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November 28, 2008
"It seems like it is bigger than Christmas," Oklahoma State fullback Bryant Ward said.
Oklahoma State fans couldn't imagine a better gift than seeing their favorite team knock their biggest rival out of national title contention.
It's happened before.
Seven years ago, Oklahoma's hopes of winning a second consecutive national title disappeared when Rashaun Woods' 14-yard touchdown catch with 1:36 left gave Oklahoma State a 16-13 victory over the fourth-ranked Sooners. Oklahoma State upset Oklahoma again in 2002, but hasn't beaten the Sooners since.
But a victory Saturday might be even sweeter than that 2001 upset.
Oklahoma is third in the BCS standings and has an excellent chance of moving into the No. 2 spot and capturing the Big 12 South title with a victory.
Oklahoma, Texas Tech and Texas entered the week tied for first in the Big 12 South. If they remain that way, the highest-ranked team in the BCS standings wins the division title and plays Missouri in the Big 12 championship game next week. Texas entered the week second in the BCS standings, but the Sooners likely would leapfrog the Longhorns with a victory over Oklahoma State, which is 12th in the BCS this week
"You would hope so," Oklahoma coach Bob Stoops said. "I'm not going to sit here and debate all of that. We are concentrated on going to Oklahoma State and being as prepared as we can be and focused to play a strong game. That's what we have to do, and that's what we are looking at."
Stoops probably doesn't have to worry about his team overlooking Oklahoma State. Even if this game carried no national title implications, the nature of the rivalry would make both teams desperate to win.
At least one Oklahoma player believes this annual matchup may carry even more weight than the Sooners' Red River Rivalry with Texas.
"I think this is No. 1," Oklahoma cornerback Dominique Franks said. "Just being an Oklahoma kid, it's non-stop Bedlam. Just going out in public, Oklahoma fans don't want to lose to OSU, and OSU fans don't want to lose to Oklahoma. I think it's a bigger (deal) than Texas only because we come into more contact with OSU fans."
Oklahoma and Oklahoma State enter this game with much in common.
Both boast outstanding quarterbacks, though Oklahoma State's Zac Robinson has more mobility and Oklahoma's Sam Bradford has a better arm. Both teams feature outstanding rushing attacks. Both have All-America candidates at tight end and outstanding collections of receivers. Both have struggled at times on defense, though Oklahoma has played better on that side of the ball.
"We're expecting a big game," Oklahoma State center David Washington said. "I know they are going to be ready, and we just have to be ready."
Stoops learned his lesson seven years ago, when Oklahoma State ended the Sooners' quest for a national title. He wants to make sure his team doesn't let history repeat itself.
"We just have to realize that no matter where we are at [in the BCS standings], we have to come out and win," Franks said. "It's all on us. We can't worry about the voters or anything like that. We just have to come out and perform to the best of our abilities."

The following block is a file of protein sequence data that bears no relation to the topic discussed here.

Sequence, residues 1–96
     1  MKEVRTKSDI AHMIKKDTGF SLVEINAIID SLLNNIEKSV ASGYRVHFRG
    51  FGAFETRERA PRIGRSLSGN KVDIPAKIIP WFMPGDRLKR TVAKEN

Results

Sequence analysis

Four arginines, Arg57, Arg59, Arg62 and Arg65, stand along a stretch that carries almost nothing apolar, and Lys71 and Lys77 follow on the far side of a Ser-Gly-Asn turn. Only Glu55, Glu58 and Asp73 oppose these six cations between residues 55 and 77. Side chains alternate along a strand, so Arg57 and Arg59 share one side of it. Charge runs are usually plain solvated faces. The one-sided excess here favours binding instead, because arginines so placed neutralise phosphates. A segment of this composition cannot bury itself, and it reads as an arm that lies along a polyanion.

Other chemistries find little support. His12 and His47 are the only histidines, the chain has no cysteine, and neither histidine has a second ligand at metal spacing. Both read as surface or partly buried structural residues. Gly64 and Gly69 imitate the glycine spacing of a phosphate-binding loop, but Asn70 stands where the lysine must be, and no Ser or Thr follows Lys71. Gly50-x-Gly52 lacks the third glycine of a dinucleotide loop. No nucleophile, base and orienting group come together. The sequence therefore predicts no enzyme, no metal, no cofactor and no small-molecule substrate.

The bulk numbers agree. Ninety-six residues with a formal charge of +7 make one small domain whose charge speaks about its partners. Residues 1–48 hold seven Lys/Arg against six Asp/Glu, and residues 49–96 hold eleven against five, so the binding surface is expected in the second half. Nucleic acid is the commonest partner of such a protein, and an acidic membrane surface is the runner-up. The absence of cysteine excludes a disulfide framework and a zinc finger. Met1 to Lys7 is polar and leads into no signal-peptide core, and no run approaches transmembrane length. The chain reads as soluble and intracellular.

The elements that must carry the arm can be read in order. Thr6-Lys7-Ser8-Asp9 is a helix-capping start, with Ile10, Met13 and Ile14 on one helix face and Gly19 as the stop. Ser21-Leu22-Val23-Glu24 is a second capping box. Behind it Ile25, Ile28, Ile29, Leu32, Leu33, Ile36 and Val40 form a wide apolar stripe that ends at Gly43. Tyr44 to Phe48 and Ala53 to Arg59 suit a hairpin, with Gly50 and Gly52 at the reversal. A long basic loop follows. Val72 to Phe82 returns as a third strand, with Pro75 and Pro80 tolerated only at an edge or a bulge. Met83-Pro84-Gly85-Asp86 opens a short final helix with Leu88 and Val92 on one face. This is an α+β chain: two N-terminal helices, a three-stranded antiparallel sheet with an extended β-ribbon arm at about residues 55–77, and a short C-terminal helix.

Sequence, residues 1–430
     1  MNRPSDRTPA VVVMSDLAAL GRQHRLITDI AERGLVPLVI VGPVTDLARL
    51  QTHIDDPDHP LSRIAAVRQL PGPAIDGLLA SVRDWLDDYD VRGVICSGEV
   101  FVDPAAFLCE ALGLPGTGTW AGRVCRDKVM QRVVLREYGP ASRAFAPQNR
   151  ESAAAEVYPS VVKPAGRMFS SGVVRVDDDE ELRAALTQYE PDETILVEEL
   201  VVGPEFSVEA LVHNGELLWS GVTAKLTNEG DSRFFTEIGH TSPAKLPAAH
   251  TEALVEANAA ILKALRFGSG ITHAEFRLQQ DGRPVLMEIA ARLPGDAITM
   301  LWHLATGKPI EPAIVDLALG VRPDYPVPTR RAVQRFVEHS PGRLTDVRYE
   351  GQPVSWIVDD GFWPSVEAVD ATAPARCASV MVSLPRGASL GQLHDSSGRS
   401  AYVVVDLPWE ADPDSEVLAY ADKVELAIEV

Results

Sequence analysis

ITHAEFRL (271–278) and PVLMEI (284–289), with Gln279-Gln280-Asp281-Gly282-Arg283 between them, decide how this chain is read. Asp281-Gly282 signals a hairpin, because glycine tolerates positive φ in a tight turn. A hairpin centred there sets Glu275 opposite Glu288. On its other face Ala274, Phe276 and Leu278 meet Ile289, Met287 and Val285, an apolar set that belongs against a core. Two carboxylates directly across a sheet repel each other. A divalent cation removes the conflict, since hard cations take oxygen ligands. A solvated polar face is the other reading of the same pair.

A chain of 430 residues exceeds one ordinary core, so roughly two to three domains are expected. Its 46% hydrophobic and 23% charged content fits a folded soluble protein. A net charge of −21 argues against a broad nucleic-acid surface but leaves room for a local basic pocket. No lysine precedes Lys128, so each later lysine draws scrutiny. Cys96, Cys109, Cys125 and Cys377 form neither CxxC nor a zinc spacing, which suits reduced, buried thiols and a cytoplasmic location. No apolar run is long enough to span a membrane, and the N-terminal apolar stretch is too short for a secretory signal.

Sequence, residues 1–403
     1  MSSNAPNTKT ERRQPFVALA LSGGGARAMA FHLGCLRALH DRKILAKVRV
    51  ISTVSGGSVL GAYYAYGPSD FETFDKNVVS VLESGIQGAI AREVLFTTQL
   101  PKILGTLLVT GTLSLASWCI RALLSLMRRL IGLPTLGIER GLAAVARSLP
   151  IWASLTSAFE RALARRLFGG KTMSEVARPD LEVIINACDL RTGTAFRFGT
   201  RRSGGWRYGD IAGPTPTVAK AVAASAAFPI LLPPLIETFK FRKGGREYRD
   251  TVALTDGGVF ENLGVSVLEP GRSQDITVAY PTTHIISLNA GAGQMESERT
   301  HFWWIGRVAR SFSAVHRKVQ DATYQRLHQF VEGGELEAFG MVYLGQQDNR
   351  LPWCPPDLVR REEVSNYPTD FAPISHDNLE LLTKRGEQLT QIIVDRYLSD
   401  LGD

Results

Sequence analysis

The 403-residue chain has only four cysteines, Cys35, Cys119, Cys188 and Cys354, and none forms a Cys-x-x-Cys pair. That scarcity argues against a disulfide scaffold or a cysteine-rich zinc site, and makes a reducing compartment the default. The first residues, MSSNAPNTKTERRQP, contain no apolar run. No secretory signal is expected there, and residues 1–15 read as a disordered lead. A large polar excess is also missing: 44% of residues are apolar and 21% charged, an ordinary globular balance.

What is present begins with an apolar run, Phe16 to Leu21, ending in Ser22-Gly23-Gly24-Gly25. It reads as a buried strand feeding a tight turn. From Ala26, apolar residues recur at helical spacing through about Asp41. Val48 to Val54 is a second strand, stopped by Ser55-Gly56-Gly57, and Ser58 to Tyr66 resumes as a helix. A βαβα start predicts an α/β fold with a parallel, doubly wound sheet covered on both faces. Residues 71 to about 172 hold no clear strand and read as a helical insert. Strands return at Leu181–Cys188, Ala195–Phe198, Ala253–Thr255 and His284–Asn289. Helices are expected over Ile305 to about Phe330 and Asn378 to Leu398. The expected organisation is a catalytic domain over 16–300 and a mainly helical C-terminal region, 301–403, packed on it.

Who gets the edge?
Oklahoma run offense vs. Oklahoma State run defense
Oklahoma pass offense vs. Oklahoma State pass defense
Oklahoma State run offense vs. Oklahoma run defense
Oklahoma State pass offense vs. Oklahoma pass defense
Oklahoma special teams vs. Oklahoma State special teams
Oklahoma coaches vs. Oklahoma State coaches
X-factor: Oklahoma State is best known for all its star power at the skill positions on offense, but the Cowboys' hopes for a victory depend on the performance of Okung and right tackle Brady Bond. Okung and Bond have performed well enough to help Oklahoma State rank 15th in the nation in sacks allowed, but the line's struggles against Texas' pass rush may have made the difference in the Cowboys' 28-24 loss. Oklahoma's offense is so powerful that the Cowboys probably must score 35 points to have a shot at pulling off the upset. Oklahoma State won't even approach that number unless Okung and Bond give Robinson time to throw and help create running room for Hunter.
Oklahoma will win if: Oklahoma is the better team and ought to win the game as long as the Sooners play as well as they have the past six weeks. But this game is no walkover. Oklahoma has been vulnerable on kick coverage and can't allow Cox or Bryant to break off a big return. The Sooners also must continue running the ball effectively and hope Bradford delivers one of his typical performances.
Oklahoma State will win if: The Cowboys need Hunter and Robinson to run well enough to keep Bradford on the sideline. They also need capitalize on their special-teams advantage by getting at least one big return that sets up a score.
Olin Buchanan: Oklahoma 38, Oklahoma State 31
Steve Megargee is a national writer for Rivals.com. He can be reached at email@example.com.
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